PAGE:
Regarding the possible different interpretations of the nomenclature “Volterra- Stieltjes integral equation” in the literature, the main ideas and developments de- pend strongly on the definition of the particular Stieltjes integral being used. Once this is in place, one can define a solution, develop a basic theory (ask about exis- tence and uniqueness of solutions, continuous dependence on initial conditions, etc) and suggest additional applications. Thus, studies which have depended upon the use of theKurzweil-Henstock integral in (4.1) and equations like it include, and are not restricted to, Kurzweil [75], Schwabik [100], Tvrd´y [108], Federson-Bianconi [42]. One of the very first researchers in this area, Martin [80] uses the Cauchy

right-integral while theDushnik integral appears in the papers by H¨onig [60], [62]

and Dzhgarkava [39]. The Stieltjes integral, when viewed as a Lebesgue-Stieltjes integral, makes its appearance in Ding-Wang [34], [35] and Caizhong [24]. Finally, but not exhaustively, Dressel [36] uses the Young integral. There may be overlap be- tween some of these definitions as they have developed in the past century, but the aim is to show that different integral definitions may produce different applications and may account for the large literature on this subject.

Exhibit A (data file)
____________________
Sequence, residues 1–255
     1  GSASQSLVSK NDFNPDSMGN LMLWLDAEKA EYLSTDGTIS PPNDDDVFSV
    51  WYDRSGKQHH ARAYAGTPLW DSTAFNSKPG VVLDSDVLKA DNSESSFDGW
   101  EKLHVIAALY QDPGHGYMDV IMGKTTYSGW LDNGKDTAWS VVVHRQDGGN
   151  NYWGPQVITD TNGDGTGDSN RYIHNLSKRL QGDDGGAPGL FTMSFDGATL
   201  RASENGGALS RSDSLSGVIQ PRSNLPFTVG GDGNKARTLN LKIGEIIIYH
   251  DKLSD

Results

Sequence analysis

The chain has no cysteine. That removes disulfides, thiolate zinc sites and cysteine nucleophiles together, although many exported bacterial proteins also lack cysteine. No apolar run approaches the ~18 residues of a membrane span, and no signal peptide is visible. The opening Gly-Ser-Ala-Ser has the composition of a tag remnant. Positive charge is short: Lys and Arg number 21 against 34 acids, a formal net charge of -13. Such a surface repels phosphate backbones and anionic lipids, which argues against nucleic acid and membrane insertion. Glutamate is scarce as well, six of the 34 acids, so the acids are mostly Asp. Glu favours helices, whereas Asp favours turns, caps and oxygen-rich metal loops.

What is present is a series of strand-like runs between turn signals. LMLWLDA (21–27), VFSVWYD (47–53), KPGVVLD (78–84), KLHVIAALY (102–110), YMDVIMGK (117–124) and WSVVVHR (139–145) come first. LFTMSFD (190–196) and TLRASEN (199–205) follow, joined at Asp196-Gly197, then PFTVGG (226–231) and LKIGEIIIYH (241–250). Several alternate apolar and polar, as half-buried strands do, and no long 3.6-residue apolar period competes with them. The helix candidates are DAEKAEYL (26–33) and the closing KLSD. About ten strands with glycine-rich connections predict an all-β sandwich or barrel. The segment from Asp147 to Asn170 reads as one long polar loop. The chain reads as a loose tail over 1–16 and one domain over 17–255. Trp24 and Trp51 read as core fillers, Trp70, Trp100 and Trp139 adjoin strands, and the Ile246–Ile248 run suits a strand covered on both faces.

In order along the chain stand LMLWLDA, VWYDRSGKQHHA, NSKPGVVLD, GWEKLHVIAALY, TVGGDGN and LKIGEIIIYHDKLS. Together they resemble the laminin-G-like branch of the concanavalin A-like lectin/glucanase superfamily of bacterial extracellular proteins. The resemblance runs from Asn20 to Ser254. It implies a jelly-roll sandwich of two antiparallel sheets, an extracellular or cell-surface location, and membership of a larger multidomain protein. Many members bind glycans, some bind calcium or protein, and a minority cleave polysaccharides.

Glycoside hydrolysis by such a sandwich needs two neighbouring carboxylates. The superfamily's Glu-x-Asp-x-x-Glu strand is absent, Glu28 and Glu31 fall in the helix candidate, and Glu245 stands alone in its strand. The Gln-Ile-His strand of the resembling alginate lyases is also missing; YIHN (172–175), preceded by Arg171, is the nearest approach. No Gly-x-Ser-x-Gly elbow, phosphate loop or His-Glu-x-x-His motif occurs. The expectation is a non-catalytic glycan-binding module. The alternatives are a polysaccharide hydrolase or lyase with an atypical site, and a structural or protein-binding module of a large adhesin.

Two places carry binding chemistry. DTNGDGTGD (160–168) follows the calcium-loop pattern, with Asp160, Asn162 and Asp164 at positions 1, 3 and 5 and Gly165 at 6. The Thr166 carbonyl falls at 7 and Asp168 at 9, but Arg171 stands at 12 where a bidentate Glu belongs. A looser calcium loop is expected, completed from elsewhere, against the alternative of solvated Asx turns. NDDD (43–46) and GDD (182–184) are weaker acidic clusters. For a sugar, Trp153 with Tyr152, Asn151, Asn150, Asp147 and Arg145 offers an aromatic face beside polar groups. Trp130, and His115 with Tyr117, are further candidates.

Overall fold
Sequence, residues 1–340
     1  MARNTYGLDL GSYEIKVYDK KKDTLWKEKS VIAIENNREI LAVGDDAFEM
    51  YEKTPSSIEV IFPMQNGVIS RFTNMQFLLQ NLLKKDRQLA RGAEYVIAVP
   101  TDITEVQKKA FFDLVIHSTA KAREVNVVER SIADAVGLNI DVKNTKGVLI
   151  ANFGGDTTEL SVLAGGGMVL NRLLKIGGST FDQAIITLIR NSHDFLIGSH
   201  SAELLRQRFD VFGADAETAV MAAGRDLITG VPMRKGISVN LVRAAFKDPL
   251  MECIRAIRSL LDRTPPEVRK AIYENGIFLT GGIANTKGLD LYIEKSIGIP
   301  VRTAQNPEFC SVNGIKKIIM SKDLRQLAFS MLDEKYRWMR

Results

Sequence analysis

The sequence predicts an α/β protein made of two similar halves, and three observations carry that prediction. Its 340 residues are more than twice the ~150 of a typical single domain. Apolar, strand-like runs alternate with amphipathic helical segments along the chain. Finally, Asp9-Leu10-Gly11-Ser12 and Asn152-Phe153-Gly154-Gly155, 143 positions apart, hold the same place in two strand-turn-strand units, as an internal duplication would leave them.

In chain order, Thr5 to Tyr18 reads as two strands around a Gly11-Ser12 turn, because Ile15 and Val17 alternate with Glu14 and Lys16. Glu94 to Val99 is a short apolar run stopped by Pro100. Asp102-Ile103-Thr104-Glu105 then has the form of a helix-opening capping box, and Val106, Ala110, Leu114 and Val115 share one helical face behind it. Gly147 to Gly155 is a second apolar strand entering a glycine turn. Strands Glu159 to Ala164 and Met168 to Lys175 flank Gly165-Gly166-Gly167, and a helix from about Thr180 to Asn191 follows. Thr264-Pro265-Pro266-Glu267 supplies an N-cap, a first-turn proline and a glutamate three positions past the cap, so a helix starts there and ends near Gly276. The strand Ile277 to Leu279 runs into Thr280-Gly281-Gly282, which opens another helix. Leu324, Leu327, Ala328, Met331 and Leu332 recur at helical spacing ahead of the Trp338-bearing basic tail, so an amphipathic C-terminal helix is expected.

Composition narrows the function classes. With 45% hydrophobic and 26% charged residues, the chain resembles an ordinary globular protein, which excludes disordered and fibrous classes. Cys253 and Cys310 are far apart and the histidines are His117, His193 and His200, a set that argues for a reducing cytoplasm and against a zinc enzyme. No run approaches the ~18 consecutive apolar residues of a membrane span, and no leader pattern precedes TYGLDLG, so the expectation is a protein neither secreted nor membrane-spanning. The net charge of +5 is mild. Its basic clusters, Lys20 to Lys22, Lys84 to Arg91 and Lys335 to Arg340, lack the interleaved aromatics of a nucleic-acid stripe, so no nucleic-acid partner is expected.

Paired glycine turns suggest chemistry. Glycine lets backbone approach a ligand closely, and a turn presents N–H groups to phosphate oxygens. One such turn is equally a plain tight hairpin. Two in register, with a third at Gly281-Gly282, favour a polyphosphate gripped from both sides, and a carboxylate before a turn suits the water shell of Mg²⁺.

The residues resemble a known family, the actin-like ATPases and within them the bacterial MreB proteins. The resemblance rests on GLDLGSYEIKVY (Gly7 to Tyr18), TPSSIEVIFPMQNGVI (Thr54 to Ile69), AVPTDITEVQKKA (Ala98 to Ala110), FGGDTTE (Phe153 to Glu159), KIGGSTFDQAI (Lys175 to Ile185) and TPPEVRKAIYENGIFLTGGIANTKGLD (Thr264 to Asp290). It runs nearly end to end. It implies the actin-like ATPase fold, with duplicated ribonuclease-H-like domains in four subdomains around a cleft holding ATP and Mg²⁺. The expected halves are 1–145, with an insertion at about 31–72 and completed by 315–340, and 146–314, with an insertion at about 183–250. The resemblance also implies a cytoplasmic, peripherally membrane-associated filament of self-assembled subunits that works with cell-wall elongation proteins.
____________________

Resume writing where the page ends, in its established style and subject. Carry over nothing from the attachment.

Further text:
Various abstract formulations of such equations can be found in the works of Hel- ton [55] who considered such equations over rings, Ashordia [4], [5], Dzhgarkava [38], H¨onig [63],[64], Ryu [93], Schwabik [99], Travis [104] and Young [121]. Controllabil- ity of equations of this general type has been studied by Barbanti [18], Dzhgarkava [39], Groh [52], Yong [120], and Young [122]. Investigations related to systems of equations include those of Gopalsamyet al. [48], Herod [56], Hildebrandt [57], Hin- ton [59], H¨onig [61], Schwabik [96], and Wheeler [111]. For the relationship between Volterra-Stieltjes integral equations and their applications to difference equations (or recurrence relations see Atkinson [7], Mingarelli [82], Mingarelli-Halvorsen [83], Petrovanu [90], and Schwabik [100].